CDC’s Disease Detectives Respond to the 2014 Ebola Outbreak
CDC Disease Detective Meredith
Ebola response office in West African hospital
Burned mattress outside home of Ebola victim
Disease Detective: Meredith
There and Back Again - Twice
Although only in the start of her second year as a CDC disease detective, Meredith recently returned from her second month-long tour of duty fighting the Ebola outbreak in West Africa.
She was already an experienced international traveler, first as a Peace Corps volunteer in Cameroon and Gabon and later, as a CDC Epidemic Intelligence Officer, in Malawi and Nigeria. Then, last April, she found herself in the center of the Ebola outbreak.
“I was used to it being hot and chaotic at times, but I never had such a fast-paced experience as this,” she says of her first tour.
Like many other CDC staff assigned to the Ebola epidemic, Meredith is a medical doctor. But CDC doesn’t provide direct patient care – it detects, stops, and prevents outbreaks. Meredith’s job was to help find out where to send health workers to look for people sick with Ebola and trace people exposed to them.
Her medical training helps. But it can also present dilemmas. The most poignant of these happened when Meredith was on the way to a rural hospital to analyze medical records. Outside the hospital, she met a very ill man waiting for medical care. Meredith struck up a conversation; the man denied even knowing anybody who was sick. It seemed unlikely he had Ebola.
“While we waited with him, he told us about his family. As he and his wife were separated, he’d left his eldest daughter at home in charge of several smaller children,” Meredith recalls.
The next day, she learned, the man died. His Ebola test came back positive. It was the first time Meredith had personally seen an Ebola patient.
“This really brought home to me how this outbreak impacts families. It certainly had an impact on me,” she says. “This was a very close encounter. I didn’t have any protection on, so I had to keep a safe distance from this patient. That was hard. As a physician, when you see someone who is sick you inherently want to touch that person – to reassure him as much as to examine him. It is just what you do as a doctor. Not being able to touch someone who was suffering was strange and unpleasant for me, even though it was necessary.”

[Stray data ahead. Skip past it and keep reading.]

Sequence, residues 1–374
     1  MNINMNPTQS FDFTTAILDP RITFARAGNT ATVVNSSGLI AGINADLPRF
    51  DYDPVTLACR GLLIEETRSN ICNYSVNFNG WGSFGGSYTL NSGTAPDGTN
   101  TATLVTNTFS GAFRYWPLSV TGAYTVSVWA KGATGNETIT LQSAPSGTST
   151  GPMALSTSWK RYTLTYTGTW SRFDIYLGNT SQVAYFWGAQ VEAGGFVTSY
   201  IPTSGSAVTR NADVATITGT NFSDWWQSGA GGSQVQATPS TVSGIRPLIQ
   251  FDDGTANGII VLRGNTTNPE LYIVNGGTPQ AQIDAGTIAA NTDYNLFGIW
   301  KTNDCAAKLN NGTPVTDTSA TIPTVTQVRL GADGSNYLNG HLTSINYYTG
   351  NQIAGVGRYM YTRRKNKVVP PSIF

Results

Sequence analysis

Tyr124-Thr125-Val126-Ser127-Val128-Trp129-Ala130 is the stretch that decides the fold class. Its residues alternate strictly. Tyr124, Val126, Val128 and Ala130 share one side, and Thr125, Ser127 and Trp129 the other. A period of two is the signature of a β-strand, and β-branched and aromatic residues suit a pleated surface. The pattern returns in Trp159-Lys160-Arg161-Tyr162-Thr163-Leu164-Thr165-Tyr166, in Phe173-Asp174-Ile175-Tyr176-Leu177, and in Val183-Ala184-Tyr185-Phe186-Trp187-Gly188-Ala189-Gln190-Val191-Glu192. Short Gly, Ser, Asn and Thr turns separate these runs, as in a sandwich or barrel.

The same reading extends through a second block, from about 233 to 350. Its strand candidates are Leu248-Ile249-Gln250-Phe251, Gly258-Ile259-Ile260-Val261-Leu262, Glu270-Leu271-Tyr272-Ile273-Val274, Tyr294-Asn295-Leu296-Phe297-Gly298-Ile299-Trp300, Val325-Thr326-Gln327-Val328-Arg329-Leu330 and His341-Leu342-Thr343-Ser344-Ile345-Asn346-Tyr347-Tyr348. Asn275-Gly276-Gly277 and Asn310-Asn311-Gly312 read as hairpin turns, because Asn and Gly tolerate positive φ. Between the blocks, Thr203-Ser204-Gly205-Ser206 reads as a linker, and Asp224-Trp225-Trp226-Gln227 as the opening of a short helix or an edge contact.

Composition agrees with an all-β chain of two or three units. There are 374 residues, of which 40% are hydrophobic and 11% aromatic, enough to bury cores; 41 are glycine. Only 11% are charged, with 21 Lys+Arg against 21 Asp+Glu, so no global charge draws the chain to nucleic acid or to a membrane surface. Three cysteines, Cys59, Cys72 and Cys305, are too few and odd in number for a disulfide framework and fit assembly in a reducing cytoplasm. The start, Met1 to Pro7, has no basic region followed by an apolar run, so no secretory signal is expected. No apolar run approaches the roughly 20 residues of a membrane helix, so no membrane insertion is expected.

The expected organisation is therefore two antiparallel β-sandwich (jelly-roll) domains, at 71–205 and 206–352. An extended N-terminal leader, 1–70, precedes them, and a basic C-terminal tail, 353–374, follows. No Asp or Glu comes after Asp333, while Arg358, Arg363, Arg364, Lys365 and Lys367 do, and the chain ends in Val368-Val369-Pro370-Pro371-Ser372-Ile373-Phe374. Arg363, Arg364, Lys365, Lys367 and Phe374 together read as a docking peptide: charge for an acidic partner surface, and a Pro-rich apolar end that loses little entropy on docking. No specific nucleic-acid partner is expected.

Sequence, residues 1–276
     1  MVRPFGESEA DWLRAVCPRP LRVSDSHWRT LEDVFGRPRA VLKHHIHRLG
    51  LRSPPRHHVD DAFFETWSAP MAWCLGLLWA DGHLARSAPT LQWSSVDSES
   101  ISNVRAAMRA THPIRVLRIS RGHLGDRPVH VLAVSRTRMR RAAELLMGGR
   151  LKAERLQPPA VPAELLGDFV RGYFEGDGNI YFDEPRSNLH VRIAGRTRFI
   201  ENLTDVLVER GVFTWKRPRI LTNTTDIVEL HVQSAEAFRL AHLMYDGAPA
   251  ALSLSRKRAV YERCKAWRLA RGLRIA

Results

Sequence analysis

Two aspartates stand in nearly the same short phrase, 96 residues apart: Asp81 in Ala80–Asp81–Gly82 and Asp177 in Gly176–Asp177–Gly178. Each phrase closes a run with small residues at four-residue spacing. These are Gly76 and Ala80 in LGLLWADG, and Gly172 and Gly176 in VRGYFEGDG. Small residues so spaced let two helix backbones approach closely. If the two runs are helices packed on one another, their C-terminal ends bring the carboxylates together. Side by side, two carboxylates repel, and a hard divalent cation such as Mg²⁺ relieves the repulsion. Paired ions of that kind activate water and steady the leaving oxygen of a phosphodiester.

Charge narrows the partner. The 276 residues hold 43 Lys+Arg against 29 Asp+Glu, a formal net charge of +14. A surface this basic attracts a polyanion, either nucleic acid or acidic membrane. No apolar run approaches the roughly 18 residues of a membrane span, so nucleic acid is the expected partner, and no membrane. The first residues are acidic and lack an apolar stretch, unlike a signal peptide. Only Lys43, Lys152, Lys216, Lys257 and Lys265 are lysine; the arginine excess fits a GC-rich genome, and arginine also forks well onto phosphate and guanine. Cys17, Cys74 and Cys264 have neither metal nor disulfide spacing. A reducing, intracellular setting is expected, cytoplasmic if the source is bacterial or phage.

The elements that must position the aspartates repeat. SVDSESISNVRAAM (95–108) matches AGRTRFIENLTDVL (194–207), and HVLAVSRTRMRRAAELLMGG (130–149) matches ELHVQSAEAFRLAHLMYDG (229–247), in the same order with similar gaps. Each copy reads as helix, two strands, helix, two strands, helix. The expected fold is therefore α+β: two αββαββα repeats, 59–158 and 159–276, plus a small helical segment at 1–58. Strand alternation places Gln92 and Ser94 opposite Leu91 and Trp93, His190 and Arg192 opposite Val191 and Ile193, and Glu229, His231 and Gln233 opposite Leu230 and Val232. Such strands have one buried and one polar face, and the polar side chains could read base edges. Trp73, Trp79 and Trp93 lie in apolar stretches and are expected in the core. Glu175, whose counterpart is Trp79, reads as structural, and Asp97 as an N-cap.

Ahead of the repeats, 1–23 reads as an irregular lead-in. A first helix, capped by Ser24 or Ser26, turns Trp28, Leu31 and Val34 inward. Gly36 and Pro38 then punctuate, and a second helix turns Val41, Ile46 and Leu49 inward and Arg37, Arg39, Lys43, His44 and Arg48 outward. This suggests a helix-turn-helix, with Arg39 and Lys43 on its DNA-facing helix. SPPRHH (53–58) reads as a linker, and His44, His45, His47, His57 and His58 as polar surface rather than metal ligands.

In early May, when Meredith’s first posting came to an end, the feeling on the ground was that the Ebola outbreak was winding down. It’s now clear that this was a temporary lull before the outbreak resumed with a vengeance. When cases flared up again, Meredith returned in July.
“The second time, it was a different feeling – like okay, things are not under control,” she says. “It’s very clear that we need to step up all of our efforts and find out ways to get better access to communities, to better educate them and to understand their feelings.”
Those efforts already are under way.
“The appropriate people are worried. CDC is deploying as many people as it can in the effort,” Meredith says. “A lot of coordination between CDC and international staff and local bodies is happening. That really is what is needed. It is a long haul, but if there is a positive side to be found in this outbreak, it is that it has focused attention on the fact these are places that need a basic uplift of their healthcare. We know what we need to do. There is no room for this outbreak not to be terminated.”
- Page last reviewed: August 12, 2014
- Page last updated: August 12, 2014
- Content source:
- Centers for Disease Control and Prevention
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